Unconscious representations 1: Belying the traditional model of human cognition.

Axiomathes 23 (4):1-19 (2013)

Luis M. Augusto
Independent Scientist
The traditional model of human cognition (TMHC) postulates an ontological and/or structural gap between conscious and unconscious mental representations. By and large, it sees higher-level mental processes as commonly conceptual or symbolic in nature and therefore conscious, whereas unconscious, lower-level representations are conceived as non-conceptual or sub-symbolic. However, experimental evidence belies this model, suggesting that higher-level mental processes can be, and often are, carried out in a wholly unconscious way and/or without conceptual representations, and that these can be processed unconsciously. This entails that the TMHC, as well as the theories on mental representation it motivates and that in turn support it, is wrong.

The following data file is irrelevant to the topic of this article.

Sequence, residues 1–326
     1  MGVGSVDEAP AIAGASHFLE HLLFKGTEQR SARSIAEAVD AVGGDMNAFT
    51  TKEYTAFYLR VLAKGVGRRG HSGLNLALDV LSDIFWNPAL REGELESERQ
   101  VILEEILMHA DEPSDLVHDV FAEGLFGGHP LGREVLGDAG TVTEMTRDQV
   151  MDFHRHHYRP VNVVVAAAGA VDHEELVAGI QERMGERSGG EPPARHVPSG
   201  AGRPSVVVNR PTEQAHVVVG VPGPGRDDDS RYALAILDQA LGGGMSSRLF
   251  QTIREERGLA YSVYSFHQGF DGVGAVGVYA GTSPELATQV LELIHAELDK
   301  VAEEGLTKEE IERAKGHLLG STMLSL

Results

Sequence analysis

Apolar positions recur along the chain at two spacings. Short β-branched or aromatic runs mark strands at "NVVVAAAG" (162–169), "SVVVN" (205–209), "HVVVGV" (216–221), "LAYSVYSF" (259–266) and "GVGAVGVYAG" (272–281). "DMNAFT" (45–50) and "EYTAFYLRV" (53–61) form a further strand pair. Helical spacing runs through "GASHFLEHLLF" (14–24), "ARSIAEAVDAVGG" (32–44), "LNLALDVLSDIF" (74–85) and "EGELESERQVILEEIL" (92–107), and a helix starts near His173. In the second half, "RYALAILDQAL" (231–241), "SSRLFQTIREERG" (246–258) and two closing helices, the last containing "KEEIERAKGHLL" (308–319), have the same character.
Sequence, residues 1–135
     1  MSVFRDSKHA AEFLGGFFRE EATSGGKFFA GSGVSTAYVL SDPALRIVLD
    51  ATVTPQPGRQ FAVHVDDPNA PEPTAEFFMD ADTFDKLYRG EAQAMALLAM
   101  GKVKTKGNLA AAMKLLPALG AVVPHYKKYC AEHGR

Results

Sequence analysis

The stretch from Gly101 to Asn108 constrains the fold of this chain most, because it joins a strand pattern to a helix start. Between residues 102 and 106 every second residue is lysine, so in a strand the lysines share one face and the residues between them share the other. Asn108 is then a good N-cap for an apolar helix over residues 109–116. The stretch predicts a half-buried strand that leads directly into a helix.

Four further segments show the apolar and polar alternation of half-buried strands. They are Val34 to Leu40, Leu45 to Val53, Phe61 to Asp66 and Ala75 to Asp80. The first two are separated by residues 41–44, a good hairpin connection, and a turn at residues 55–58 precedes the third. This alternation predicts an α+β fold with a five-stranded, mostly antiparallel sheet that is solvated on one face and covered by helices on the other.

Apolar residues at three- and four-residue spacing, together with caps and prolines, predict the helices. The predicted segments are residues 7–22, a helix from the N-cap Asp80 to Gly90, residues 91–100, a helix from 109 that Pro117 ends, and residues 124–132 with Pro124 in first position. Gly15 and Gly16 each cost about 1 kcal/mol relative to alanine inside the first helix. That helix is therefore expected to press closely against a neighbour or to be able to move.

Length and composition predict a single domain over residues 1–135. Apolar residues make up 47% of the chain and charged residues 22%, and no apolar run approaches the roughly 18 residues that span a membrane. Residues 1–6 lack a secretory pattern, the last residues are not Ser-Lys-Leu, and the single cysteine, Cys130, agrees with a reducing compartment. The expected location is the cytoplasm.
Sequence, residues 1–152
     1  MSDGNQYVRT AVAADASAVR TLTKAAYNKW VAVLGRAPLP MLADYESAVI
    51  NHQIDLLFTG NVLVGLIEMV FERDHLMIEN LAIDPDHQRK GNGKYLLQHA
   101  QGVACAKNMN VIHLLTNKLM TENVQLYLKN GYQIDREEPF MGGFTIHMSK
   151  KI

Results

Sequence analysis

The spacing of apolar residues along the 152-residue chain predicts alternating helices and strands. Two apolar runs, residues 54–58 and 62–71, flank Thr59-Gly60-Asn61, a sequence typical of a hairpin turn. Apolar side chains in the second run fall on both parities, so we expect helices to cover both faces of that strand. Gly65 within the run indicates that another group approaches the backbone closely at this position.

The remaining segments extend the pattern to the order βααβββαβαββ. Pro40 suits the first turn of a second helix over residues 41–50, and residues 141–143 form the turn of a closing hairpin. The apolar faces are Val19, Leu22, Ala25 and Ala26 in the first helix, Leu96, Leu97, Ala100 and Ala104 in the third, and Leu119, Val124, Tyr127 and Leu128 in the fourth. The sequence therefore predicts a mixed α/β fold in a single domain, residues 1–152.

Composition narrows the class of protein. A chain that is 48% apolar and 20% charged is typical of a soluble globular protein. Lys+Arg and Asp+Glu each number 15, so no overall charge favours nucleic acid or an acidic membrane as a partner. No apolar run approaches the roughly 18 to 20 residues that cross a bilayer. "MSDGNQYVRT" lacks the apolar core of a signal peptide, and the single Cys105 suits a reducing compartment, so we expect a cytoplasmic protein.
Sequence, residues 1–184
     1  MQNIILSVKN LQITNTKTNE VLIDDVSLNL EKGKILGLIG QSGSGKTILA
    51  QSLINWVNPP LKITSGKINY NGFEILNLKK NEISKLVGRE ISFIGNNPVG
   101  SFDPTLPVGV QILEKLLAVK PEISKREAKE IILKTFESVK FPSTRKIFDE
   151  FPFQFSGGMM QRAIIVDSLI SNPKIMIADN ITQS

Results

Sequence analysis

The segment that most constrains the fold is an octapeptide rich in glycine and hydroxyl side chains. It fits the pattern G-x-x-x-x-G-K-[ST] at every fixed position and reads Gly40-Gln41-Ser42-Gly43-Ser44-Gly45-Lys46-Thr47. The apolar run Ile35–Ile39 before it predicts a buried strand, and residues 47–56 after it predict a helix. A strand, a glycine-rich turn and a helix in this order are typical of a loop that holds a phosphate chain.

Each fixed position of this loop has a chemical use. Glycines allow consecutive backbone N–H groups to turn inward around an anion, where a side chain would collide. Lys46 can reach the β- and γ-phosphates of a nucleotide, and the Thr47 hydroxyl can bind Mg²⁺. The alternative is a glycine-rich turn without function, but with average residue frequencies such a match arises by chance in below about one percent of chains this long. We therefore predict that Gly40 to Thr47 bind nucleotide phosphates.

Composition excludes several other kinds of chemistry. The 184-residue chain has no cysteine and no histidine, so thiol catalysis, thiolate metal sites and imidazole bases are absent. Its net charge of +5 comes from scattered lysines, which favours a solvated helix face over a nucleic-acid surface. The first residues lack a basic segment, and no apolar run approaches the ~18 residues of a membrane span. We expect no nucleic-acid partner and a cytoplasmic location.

Keywords Conscious/unconscious cognition  Traditional model of human cognition  Vehicle vs. process theories  Higher-/lower-level cognition  (Non-)Conceptual representations
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DOI 10.1007/s10516-012-9206-z
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The Language of Thought.Jerry A. Fodor - 1975 - Harvard University Press.
On a Confusion About a Function of Consciousness.Ned Block - 1995 - Brain and Behavioral Sciences 18 (2):227-–247.

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